King Norodom Sihamoni presided over the Royal Ploughing Ceremony in Svay Rieng province on Thursday morning, with the event’s prognosticating oxen again forecasting a promising outlook for the agricultural production of beans, corn and rice.
The annual festival marks the beginning of the agricultural and rainy season, and centres around two royal oxen tasked with choosing from seven chalices containing rice, corn, beans, sesame, water, grass and rice wine. The oxen’s choices portend which crops will flourish in the coming growing season.
After six oxen, decked in regalia, were taken around the field for a symbolic tilling of the land, two of the oxen were unyoked and led to the six chalices to make their choice – though one was initially a little reluctant to partake of the proffered foodstuffs.
Ten minutes later, as is tradition, royal astrologer Kang Ken observed how much the oxen had eaten and made his declaration for the upcoming agricultural season.
“Ninety-five percent of rice was eaten, 95 percent of corn was eaten, and 80 percent of beans were eaten,” he announced to the crowds.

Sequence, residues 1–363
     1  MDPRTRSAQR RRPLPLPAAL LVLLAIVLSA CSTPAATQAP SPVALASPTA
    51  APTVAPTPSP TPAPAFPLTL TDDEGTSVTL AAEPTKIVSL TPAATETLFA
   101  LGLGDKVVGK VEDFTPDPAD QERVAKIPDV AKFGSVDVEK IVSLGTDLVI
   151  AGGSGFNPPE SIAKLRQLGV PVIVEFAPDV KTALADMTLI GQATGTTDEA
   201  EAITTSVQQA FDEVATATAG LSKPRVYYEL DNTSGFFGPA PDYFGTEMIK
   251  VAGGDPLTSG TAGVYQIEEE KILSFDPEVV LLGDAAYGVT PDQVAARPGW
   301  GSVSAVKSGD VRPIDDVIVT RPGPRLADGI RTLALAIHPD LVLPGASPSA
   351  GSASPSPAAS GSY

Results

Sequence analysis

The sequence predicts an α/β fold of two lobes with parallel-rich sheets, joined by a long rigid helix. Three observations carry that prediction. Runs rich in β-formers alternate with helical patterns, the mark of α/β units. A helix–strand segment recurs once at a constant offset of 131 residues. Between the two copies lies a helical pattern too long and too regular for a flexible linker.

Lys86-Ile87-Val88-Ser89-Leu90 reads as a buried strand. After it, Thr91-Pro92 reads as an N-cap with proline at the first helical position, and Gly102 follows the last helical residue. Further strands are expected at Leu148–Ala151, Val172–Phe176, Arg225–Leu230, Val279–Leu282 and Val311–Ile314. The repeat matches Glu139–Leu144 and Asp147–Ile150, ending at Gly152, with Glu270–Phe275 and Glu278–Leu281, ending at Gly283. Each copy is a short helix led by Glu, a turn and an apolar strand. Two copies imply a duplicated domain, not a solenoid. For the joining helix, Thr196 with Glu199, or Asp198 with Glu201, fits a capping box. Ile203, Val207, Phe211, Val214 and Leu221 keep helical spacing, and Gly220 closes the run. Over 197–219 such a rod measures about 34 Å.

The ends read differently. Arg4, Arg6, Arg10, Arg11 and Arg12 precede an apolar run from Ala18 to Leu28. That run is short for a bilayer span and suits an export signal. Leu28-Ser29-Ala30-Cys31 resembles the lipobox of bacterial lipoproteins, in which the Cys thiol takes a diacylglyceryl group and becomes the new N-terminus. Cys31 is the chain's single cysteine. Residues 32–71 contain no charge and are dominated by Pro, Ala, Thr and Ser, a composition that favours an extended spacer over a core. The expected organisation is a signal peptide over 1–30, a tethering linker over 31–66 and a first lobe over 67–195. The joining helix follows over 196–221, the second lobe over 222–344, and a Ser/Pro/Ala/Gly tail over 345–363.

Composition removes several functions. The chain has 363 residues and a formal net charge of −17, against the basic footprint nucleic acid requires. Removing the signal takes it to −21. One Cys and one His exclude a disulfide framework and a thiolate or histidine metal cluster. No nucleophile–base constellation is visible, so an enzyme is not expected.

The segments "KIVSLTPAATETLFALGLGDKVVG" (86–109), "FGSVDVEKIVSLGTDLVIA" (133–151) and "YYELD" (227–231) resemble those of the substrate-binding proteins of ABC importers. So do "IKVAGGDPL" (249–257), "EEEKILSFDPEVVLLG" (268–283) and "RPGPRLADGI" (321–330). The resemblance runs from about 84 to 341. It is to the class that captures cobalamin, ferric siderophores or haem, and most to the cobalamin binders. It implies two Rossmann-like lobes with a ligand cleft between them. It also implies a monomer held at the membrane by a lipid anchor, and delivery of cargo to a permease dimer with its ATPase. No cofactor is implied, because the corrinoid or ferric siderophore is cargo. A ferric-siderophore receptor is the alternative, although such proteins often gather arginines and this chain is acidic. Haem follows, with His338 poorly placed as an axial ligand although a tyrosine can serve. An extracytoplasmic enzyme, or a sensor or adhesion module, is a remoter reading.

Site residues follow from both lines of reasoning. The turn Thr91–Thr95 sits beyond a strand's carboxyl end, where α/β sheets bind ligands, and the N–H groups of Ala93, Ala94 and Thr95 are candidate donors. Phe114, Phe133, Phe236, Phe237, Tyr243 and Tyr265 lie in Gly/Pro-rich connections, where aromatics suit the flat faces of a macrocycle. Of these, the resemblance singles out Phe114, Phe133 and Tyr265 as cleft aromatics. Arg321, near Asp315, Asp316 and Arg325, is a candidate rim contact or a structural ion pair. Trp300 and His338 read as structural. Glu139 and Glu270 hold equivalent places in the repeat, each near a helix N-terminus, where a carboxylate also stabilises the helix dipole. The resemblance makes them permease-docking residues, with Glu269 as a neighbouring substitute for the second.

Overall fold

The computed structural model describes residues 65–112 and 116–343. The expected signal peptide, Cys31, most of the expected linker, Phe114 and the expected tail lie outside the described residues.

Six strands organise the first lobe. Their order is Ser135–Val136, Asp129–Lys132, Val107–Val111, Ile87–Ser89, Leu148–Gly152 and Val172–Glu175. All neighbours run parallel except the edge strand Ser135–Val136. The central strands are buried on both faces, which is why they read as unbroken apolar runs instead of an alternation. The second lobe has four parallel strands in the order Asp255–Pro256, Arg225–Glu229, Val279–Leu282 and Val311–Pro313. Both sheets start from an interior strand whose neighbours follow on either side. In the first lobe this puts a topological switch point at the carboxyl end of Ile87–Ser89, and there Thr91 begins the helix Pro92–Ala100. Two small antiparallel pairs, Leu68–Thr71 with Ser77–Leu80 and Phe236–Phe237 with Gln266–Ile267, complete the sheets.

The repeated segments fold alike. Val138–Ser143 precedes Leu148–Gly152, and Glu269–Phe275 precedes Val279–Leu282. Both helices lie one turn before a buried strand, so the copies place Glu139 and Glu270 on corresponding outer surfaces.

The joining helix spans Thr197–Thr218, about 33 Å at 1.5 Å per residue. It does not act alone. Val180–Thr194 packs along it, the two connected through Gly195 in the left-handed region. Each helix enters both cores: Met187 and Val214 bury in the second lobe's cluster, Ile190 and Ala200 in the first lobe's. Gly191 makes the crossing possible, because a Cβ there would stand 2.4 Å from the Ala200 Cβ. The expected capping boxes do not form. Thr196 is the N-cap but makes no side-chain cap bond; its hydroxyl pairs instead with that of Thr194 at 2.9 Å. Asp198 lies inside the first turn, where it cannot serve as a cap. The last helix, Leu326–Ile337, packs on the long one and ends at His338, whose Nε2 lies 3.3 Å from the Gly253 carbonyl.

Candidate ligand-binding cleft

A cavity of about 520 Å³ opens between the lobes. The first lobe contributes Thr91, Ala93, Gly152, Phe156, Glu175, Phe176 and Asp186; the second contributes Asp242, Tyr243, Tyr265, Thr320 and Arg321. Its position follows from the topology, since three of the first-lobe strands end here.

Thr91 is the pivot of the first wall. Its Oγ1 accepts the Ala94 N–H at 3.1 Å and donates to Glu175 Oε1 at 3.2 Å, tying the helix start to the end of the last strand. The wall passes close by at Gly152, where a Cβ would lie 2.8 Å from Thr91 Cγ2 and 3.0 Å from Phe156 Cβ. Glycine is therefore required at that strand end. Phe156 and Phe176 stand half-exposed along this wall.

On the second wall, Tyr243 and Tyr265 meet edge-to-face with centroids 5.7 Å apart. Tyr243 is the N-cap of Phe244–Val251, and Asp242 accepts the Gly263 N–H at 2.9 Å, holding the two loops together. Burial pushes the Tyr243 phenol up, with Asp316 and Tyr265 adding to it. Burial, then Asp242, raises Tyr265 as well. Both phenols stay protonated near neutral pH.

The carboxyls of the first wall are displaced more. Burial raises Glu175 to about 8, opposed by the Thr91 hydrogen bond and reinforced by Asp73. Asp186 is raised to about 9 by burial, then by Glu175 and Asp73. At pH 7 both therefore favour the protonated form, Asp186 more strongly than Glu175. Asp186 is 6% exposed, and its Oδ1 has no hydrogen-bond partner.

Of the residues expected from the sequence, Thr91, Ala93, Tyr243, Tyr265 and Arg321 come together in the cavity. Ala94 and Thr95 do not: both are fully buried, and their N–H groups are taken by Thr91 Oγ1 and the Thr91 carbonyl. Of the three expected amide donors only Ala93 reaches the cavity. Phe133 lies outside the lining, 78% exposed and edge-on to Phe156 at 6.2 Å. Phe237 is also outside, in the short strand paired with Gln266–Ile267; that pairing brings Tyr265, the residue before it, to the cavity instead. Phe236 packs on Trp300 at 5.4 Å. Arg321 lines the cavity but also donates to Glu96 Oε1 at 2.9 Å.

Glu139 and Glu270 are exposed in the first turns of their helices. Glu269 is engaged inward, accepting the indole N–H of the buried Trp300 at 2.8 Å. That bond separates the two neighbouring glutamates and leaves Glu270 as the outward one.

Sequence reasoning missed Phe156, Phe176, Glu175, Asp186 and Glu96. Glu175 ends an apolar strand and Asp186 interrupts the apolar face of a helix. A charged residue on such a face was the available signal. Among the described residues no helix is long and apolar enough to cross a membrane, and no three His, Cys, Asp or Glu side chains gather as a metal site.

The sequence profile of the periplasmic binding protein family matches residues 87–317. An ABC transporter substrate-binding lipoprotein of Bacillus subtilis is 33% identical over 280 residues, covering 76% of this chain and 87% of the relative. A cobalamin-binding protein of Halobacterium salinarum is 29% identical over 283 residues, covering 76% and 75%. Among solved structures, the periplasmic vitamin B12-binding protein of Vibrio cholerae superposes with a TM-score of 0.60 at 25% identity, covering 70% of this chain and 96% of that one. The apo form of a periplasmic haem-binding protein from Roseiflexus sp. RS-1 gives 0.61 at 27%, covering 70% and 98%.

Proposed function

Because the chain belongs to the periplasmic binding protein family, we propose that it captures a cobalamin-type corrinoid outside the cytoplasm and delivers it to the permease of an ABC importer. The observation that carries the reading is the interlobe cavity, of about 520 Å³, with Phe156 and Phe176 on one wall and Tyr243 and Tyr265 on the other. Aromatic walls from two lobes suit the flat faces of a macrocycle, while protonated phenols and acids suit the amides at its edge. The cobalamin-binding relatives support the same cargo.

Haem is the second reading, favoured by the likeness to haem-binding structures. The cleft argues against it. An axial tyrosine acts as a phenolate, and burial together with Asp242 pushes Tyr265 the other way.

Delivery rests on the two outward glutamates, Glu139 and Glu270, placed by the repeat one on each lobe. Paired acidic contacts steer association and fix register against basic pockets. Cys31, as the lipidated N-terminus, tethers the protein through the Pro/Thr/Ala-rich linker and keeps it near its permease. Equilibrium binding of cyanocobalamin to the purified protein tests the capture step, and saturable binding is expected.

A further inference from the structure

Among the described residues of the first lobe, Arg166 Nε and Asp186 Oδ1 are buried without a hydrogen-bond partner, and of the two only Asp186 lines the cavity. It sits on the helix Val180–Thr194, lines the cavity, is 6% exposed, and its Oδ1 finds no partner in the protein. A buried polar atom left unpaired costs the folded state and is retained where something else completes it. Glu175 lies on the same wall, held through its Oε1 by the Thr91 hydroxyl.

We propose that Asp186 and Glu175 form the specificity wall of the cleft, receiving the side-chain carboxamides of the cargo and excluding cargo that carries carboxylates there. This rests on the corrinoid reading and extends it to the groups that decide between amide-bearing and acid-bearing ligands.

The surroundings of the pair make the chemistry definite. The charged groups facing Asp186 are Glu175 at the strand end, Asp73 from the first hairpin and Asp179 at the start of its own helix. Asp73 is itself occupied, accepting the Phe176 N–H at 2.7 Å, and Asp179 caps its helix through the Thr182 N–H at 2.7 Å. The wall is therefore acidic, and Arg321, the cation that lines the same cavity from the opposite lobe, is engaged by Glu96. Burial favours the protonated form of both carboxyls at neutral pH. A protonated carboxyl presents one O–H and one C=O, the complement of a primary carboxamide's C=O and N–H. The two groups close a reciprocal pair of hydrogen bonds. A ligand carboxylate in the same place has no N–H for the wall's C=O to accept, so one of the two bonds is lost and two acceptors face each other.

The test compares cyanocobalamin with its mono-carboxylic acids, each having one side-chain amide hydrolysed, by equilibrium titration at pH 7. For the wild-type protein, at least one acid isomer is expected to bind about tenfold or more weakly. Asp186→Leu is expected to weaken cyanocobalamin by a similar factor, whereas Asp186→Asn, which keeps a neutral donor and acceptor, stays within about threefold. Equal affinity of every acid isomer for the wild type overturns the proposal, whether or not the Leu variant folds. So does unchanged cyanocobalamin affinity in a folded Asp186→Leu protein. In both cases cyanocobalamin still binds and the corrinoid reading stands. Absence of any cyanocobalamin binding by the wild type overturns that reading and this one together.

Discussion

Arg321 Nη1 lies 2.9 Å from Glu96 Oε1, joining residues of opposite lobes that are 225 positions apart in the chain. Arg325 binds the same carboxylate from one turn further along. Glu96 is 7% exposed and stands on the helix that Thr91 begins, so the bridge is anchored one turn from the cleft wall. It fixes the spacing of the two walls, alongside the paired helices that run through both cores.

“This is only the prediction according to the traditional ploughing ceremony,” he said, adding that he would call on everything sacred to ensure there are good rains for the upcoming harvest.
Last year’s celebration was hit by a thunderstorm that destroyed the tents and the field used for the festivities. However, after a quick fix, Ken gave a similar prediction when the oxen ate most of the corn, rice and beans on offer.
The tradition dates back to the prevalence of Hindu customs in the early Khmer civilisation and traditionally involves ceremonial tilling performed by either the king or two representatives, called Sdech Miech and Preah Mehour. It is considered auspicious for the oxen to eat the rice, corn, beans and sesame – the amount of each eaten signifying the prospects of the upcoming crop.
The drinking of the water suggests that there will be good rains, but if the oxen drink too much, it could signify floods. Eating the grass would foretell disease, whereas gulps of the rice wine is a harbinger of conflict.
Svay Rieng farmer Khieu Sarun said on Thursday that she followed the results of the ceremony closely, and was pleased she would have a bountiful crop this year.
“I believe the prediction because it was correct in the past. I was happy when the oxen ate 95 percent of the rice; this mean there won’t be much pests like last year. I also hope that the rain is regular and normal this year,” she said.